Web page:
Unable to display preview. Download preview PDF.

Unable to display preview. Download preview PDF.

Similar content being viewed by others

References

  1. Baker, R.S., Corbett, A.T., Koedinger, K.R.: Detecting student misuse of intelligent tutoring systems. In: Lester, J.C., Vicari, R.M., Paraguaçu, F. (eds.) ITS 2004. LNCS, vol. 3220, pp. 531–540. Springer, Heidelberg (2004)

    Chapter  Google Scholar 

  2. Bloom, B.S.: The 2 Sigma Problem: The Search for Methods of Group Instruction as Effective as One-to-one Tutoring. Educational Researcher 13, 4–16 (1984)

    Google Scholar 

  3. Collins, A., Brown, J.S., Holum, A.: Cognitive Apprenticeship: Making Thinking Visible. American Educator 6(11), 38–46 (1991)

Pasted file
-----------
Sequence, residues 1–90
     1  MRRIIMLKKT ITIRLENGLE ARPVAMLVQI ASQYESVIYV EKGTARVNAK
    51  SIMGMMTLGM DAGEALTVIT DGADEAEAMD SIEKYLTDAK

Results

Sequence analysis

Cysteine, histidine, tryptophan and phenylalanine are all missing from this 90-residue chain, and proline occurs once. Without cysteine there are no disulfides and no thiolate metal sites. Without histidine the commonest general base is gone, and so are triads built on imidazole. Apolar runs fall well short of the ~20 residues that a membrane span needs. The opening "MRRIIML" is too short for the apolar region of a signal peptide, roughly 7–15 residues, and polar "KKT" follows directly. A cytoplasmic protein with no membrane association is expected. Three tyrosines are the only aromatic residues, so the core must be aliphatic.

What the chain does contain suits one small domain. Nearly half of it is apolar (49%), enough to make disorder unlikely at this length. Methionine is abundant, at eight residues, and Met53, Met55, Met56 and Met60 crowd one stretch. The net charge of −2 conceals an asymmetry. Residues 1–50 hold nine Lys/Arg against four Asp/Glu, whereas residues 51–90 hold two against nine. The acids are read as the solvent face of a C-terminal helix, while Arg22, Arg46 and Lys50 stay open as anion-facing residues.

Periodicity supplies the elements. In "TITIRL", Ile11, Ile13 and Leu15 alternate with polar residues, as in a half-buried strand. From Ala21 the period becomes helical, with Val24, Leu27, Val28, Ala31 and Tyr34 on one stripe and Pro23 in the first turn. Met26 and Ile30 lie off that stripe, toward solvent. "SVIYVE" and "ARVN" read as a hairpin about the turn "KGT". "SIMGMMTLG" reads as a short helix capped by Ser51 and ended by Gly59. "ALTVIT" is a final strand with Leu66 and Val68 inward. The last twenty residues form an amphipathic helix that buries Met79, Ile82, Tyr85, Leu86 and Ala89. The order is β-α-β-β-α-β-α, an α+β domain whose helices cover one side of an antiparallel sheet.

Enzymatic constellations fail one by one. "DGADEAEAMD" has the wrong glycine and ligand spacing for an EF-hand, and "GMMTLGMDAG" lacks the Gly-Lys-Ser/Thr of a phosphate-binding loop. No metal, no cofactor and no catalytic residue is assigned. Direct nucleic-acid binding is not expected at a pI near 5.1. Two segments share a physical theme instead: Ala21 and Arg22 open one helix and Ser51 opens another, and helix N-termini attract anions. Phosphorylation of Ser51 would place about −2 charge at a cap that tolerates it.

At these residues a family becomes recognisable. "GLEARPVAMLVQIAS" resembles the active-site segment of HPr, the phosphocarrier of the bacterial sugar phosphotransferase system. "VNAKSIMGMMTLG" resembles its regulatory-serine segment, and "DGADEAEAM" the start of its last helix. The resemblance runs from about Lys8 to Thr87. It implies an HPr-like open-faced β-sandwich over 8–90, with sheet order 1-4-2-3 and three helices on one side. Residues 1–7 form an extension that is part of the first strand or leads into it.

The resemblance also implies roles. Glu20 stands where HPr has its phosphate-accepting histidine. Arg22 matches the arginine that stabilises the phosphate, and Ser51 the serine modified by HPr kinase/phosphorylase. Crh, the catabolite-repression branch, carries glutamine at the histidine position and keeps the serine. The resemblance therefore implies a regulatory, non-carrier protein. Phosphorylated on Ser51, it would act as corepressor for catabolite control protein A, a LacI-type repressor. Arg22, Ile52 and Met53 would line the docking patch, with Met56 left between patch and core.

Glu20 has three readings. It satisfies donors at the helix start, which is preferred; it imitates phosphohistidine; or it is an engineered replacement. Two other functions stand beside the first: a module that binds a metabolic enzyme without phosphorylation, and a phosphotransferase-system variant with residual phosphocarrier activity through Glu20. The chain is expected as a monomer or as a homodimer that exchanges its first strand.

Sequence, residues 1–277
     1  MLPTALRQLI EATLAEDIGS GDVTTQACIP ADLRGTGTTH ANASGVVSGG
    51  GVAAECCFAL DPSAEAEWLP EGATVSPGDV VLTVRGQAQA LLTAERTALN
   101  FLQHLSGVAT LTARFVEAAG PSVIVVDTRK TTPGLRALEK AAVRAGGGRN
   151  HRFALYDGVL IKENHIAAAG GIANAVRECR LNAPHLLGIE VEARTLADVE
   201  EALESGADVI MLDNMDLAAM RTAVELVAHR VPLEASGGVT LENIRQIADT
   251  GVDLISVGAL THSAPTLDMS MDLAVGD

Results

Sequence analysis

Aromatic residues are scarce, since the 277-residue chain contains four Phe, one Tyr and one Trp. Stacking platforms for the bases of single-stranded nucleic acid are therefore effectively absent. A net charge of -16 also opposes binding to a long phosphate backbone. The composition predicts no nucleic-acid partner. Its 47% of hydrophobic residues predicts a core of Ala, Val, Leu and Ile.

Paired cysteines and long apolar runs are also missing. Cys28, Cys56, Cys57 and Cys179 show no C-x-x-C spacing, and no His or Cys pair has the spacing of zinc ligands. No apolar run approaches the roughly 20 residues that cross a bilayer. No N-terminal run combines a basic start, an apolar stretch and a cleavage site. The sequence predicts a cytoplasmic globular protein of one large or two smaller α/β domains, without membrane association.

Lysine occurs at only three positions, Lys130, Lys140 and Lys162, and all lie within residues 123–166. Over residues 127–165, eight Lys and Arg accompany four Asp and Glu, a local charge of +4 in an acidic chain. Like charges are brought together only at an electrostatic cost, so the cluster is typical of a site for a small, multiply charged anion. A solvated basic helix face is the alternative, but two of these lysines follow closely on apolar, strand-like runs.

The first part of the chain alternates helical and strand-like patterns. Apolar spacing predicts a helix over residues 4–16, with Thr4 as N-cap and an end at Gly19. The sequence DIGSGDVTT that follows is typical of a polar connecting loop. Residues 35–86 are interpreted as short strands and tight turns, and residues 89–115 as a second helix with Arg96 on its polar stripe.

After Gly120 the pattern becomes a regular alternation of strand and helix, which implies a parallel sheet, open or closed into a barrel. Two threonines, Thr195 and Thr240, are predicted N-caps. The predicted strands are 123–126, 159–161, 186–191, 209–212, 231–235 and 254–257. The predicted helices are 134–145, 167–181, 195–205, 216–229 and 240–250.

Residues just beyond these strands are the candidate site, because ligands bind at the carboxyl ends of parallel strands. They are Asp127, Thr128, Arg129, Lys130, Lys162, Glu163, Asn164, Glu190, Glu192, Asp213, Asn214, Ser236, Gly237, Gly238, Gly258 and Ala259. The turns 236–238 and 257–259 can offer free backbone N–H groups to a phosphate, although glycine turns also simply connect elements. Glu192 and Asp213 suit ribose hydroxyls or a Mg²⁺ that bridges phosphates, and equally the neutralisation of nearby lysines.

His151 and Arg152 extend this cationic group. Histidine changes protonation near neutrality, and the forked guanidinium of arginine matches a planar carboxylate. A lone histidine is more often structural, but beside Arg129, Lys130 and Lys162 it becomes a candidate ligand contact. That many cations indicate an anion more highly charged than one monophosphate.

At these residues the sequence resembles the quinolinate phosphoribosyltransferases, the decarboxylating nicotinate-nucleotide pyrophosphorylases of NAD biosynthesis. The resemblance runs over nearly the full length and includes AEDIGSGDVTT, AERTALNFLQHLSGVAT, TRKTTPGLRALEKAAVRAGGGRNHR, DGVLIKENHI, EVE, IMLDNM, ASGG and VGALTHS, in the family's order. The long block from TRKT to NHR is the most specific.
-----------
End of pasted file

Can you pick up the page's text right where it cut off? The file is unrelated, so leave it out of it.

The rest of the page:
Google Scholar 

  4. Feng, M., Heffernan, N.T., Koedinger, K.R.: Predicting state test scores better with intelligent tutoring systems: Developing metrics to measure assistance required. In: Ikeda, M., Ashley, K.D., Chan, T.-W. (eds.) ITS 2006. LNCS, vol. 4053, pp. 31–40. Springer, Heidelberg (2006), http://nth.wpi.edu/pubs_and_grants/ITS2006/Submissons/Ming/feng.doc

    Chapter  Google Scholar 

  5. Graesser, A.C., Person, N., Magliano, J.: Collaborative Dialog Patterns in Naturalistic One-on-One Tutoring. Applied Cognitive Psychology 9, 359–387 (1995)

    Article  Google Scholar 

  6. Koedinger, K.R., Anderson, J.R., Hadley, W.H., Mark, M.A.: Intelligent tutoring goes to school in the big city. In: Proceedings of the 7th World Conference on Artificial Intelligence in Education, pp. 421–428. Association for the Advancement of Computing in Education, Charlottesville (1995)

    Google Scholar 

  7. Merrill, D., Reiser, B., Ranney, M., Trafton, J.: Effective Tutoring Techniques: A Comparison of Human Tutors and Intelligent Tutoring Systems. Journal of the Learning Sciences 2(3), 277–305 (1992)

    Article  Google Scholar